UNITED STATES DEPARTMENT OF EDUCATION
OFFICE OF THE DEPUTY SECRETARY
March 8, 2004
By facsimile (406-444-2893) and US Mail
Ms. Linda McCulloch
Superintendent of Public Instruction
Montana Office of Public Instruction
Post Office Box 202501
Helena, Montana 59620-2501
Dear Superintendent McCulloch:
Thank you for your recent letter to Secretary Paige regarding your question about high school science curriculum and differing scientific viewpoints under the Elementary and Secondary Education Act (ESEA), as amended by the No Child Left Behind Act of 2001 (NCLB). In particular, you have asked whether the NCLB requires the inclusion of “Intelligent Design” in the science curriculum.
Under the ESEA, each State is required to have challenging science content and achievement standards in place no later than the 2005-2006 school year, and science assessments no later than the 2007-2008 school year. As you may know and by way of background, the ESEA places clear limitations upon the Federal government with respect to standards. Congress clearly stated that standards — in this case science standards — are not required to be submitted to the Secretary of Education for approval, and that no State shall be required to have its standards approved or certified by the Federal government in order to receive assistance under the ESEA. 20 U.S.C. 6311(b)(1)(A); 20 U.S.C. 7907 (c)(1).
Further, with respect to science curriculum, the United States Department of Education is prohibited from using funds to endorse, approve, or sanction any curriculum that is designed to be used in an elementary or secondary school. 20 U.S.C. 7907(b). The law also includes a rule of construction which clearly states that nothing in the ESEA is to be construed as authorizing any officer or employee of the Federal government to mandate, direct, or control a State, local education agency, or school’s curriculum or program of instruction. 20 U.S.C. 7907(a). Furthermore, both the Department of Education Organization Act and the General Education Provisions Act include a similar, but broader, rule of construction that applies to all Department of Education programs, and which protects, among other things, against Federal control over curricula, programs of instruction, textbooks, and instructional materials. 20 U.S.C. 1232a, 3403. Thus, Congress has been very careful and specific in placing legal limits on the Federal government’s involvement in curriculum and related matters.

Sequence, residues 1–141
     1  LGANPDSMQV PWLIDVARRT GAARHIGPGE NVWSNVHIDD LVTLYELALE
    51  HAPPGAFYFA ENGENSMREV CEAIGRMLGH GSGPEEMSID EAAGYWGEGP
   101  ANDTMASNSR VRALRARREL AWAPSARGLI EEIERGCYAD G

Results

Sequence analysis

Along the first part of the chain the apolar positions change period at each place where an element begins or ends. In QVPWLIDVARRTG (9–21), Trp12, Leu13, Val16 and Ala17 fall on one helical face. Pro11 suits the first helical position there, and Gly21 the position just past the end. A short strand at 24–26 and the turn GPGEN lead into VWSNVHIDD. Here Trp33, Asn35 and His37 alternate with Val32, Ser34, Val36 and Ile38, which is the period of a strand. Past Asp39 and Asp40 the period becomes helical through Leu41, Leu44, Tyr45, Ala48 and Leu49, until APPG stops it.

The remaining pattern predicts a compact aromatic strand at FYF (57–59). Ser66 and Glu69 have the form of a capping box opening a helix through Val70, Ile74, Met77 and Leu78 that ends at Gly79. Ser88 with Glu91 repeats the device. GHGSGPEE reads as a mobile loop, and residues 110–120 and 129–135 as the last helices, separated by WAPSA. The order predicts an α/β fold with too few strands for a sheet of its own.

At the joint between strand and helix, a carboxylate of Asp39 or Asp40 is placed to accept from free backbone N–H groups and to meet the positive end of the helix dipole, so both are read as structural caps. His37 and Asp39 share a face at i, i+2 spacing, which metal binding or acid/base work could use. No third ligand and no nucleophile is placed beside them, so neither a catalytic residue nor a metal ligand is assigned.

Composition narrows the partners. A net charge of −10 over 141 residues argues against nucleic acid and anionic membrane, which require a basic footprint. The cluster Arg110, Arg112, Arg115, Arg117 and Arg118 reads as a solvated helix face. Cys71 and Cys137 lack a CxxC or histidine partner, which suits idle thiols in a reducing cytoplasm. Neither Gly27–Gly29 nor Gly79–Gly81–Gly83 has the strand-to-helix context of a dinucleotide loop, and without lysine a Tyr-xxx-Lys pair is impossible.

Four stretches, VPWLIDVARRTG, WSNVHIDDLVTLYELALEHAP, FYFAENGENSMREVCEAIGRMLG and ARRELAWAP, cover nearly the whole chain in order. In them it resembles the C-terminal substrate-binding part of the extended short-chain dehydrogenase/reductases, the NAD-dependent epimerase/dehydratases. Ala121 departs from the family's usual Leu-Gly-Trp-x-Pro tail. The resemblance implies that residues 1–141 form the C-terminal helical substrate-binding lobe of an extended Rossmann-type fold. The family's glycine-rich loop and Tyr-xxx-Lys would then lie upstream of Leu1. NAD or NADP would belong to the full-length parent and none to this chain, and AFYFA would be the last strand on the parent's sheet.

The NCLB Act does not contain any language that requires or prohibits the teaching of any particular scientific views or theories either as part of a state’s science curriculum or otherwise. However, Congress provided the following language in its Conference Report on the NCLB regarding science education (which is commonly referred to as the “Santorum language”):
The Conferees recognize that a quality science education should prepare students to distinguish the data and testable theories of science from religious or philosophical claims that are made in the name of science. Where topics are taught that may generate controversy (such as biological evolution), the curriculum should help students to understand the full range of scientific views that exist, why such topics may generate controversy, and how scientific discoveries can profoundly affect society.
This language is based on a Senate Resolution that passed by a vote of 91-8. There was no comparable House resolution.
The Department, of course, embraces the general principles — reflected in the Senate Resolution — of academic freedom and inquiry into scientific views or theories. However, as noted above, we have no authority to control or direct curriculum decisions or State science standards. The NCLB Act does not contain any language that requires or prohibits the teaching of any particular scientific view or theory either as part of a State’s science curriculum or otherwise.
I hope this information will assist you in developing science content and achievement standards in your State.
Acting Deputy Secretary